2011 Ford Fiesta

2011 Ford Fiesta
Cool New Car Models
Fuel-stingy minicars are back in vogue, thanks to escalating gas prices. Ford has long promised such a car for its U.S. lineup. In fact, it had one ready several years back, but canceled it on learning the Honda Fit and Toyota Yaris would show up.

Since then, the Blue Oval has been working on what it thinks will be a more competitive minicar. Though Ford isn’t talking timetable or specifications yet, the three Verve concepts, unveiled at the 2007 Frankfurt Auto Show, 2007 Guangzhou Motor Show, and 2008 Detroit Auto Show suggest the showroom version is well on the road to completion. So does the debut of a new Mazda 2, which will parent the U.S. baby as well as a redesign of Ford’s popular European Fiesta. Right now, sources predict the American version--which will be badged Fiesta--will arrive in 2010 as a 2011 model.

The 2011 Ford Fiesta is another “world car” project a la Ford’s 1981 Escort and 2000 Focus. Like the original VW Beetle, the idea is a basic design that can be built and sold profitably the world over, because one car serving many markets drastically cuts development costs and raises profit potential. That’s why General Motors still dabbles with world cars, too.

In the past, though, Detroit “world cars” ended up with so many regional design and engineering changes that economies of scale were diminished, if not erased. The Focus is one example. At first, the U.S. and European models were quite similar. Then Ford Europe did a 2005 redesign that U.S. marketers deemed too costly. In other words, a Euro-based Focus would have been priced out of its U.S. market slot. Which is why our Focus still uses the original design, already paid for, albeit heavily updated for 2008.

Ford says Focus will be a “world car” again in its next incarnation, expected around 2011. There’s not much choice. Ford is running very low on cash and must leverage its global resources--that timeworn Detroit cliché--to get the most new model bang for the bucks it has. That’s why Ford CEO Alan Mullaly is busy spearheading a global product plan that aims for big savings by greatly trimming the number of platforms and parts in Ford Motor’s worldwide inventory. The increased sharing won’t be confined to small cars, either. Ford also plans to merge two different midsize sedans, the American Fusion and European Mondeo, into a single basic design, with only modest tailoring for various markets.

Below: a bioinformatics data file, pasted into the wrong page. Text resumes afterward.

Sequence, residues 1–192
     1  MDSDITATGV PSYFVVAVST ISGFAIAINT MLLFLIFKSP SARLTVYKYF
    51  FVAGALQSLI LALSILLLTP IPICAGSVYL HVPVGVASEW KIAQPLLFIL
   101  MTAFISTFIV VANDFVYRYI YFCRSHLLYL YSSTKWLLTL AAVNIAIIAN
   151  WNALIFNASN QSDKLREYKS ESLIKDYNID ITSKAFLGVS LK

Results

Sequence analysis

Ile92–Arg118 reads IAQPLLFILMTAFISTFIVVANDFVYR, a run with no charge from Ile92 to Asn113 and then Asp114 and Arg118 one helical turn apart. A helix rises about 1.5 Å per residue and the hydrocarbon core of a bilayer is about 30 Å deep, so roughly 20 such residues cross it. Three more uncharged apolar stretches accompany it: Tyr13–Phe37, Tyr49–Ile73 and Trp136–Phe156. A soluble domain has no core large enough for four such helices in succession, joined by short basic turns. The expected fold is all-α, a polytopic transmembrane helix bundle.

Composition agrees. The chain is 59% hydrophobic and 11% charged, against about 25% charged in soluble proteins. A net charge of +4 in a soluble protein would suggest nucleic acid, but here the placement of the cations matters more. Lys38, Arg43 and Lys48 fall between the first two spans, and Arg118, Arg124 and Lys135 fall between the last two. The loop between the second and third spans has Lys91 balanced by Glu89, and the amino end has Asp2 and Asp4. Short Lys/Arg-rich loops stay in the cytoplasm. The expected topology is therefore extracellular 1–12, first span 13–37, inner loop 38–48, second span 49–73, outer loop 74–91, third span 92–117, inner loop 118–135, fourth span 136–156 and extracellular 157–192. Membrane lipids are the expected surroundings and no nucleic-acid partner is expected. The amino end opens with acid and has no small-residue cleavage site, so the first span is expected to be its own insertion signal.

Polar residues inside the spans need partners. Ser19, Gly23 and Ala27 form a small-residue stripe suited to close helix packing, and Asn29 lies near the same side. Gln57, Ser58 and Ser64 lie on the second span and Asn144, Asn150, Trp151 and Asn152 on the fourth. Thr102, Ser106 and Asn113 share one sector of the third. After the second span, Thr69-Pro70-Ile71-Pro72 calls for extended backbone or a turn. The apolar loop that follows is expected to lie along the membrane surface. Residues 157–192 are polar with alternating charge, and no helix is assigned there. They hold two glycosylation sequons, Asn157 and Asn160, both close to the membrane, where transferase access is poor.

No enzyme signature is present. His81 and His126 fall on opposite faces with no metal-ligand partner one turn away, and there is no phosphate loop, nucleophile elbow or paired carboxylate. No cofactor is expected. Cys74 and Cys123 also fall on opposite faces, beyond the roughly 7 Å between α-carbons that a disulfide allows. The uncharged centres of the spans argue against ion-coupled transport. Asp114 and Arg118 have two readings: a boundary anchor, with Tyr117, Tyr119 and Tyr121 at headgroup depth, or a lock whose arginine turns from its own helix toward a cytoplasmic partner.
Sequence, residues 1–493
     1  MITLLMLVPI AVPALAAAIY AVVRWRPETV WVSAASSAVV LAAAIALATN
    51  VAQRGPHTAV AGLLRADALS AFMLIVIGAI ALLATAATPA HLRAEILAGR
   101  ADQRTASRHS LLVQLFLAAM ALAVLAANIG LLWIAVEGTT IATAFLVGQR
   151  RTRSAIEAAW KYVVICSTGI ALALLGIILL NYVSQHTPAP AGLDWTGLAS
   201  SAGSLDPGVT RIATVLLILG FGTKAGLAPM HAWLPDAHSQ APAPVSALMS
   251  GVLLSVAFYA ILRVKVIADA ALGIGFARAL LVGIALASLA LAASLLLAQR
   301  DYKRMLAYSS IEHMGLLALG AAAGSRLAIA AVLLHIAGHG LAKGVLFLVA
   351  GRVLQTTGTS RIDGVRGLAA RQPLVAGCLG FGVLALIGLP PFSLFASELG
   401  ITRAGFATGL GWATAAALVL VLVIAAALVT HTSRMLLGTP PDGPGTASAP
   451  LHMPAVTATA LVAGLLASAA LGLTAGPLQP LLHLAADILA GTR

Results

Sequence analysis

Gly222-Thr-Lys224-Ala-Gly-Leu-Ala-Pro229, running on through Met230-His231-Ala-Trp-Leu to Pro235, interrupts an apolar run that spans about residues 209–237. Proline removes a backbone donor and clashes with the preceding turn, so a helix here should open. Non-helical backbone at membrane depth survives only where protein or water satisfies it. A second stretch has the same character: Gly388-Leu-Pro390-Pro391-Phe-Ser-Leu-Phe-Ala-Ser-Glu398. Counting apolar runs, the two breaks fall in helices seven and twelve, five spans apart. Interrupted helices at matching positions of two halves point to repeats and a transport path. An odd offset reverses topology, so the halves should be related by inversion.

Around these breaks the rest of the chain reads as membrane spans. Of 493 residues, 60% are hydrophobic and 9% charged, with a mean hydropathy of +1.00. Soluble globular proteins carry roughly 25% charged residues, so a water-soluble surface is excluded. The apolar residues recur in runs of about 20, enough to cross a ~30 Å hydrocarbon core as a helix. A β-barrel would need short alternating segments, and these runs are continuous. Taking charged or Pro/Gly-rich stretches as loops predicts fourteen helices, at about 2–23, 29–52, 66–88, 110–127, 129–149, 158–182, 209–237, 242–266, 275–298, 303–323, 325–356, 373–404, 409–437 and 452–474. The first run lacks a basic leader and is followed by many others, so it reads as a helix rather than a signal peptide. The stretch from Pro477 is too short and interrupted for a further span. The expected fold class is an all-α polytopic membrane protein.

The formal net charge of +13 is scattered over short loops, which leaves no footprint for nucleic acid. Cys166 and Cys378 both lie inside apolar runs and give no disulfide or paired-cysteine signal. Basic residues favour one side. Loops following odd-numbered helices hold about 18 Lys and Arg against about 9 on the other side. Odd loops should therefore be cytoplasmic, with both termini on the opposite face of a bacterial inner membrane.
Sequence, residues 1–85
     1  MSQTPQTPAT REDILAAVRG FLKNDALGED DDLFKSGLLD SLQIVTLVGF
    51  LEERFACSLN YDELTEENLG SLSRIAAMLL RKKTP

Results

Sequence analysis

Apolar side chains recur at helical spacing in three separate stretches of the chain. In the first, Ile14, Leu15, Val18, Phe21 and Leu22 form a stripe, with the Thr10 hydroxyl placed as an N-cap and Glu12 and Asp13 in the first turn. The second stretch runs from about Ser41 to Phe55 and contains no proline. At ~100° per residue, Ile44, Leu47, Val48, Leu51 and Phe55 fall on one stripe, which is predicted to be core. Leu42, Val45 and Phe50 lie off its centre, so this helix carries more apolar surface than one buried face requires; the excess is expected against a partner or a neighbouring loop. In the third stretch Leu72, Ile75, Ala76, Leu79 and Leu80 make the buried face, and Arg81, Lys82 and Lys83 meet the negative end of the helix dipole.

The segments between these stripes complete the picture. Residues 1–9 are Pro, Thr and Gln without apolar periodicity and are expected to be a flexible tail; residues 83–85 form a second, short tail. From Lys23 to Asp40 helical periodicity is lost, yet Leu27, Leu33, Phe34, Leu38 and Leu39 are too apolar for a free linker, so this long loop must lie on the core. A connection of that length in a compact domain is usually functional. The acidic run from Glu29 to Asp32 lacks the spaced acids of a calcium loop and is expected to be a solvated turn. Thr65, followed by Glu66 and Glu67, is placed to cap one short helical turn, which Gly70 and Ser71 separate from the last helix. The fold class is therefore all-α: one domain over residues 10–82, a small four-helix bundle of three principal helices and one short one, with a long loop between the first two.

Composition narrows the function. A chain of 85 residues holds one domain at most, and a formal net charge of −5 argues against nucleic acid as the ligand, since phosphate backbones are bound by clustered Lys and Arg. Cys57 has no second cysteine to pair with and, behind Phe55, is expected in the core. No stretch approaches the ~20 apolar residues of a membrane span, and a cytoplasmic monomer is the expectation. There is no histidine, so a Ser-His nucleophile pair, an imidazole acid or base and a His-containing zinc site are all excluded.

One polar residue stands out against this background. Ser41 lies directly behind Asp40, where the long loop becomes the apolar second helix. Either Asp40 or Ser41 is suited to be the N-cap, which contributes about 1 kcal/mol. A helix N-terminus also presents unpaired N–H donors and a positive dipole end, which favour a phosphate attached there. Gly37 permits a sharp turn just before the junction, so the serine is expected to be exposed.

All this explains why the 2011 Ford Fiesta will be closely related to the next-generation Fiesta, but possibly sourced from low-wage Brazil or Mexico to achieve a competitive El Norte price. And because Ford now assigns small-car development to Japanese affiliate Mazda, which is plenty experienced that way, the Fiesta will be derived from the recently-released second-generation Mazda 2. That model isn’t coming here, but its good U.K. and Continental notices bode well for the North American Ford.

The 2011 Ford Fiesta will share a new B2E corporate platform with the Mazda 2, but have different styling (penned by Ford designers in Europe) and perhaps different powertrains too. It will look more conservative than the Verve concept, which Ford says suggests the general “design language” of the production car. But the concept is certainly expressive, as is the wedgy Mazda 2, so the showroom Fiesta won’t be another plain two-box appliance like the Fiesta sold here way back in 1977-1980.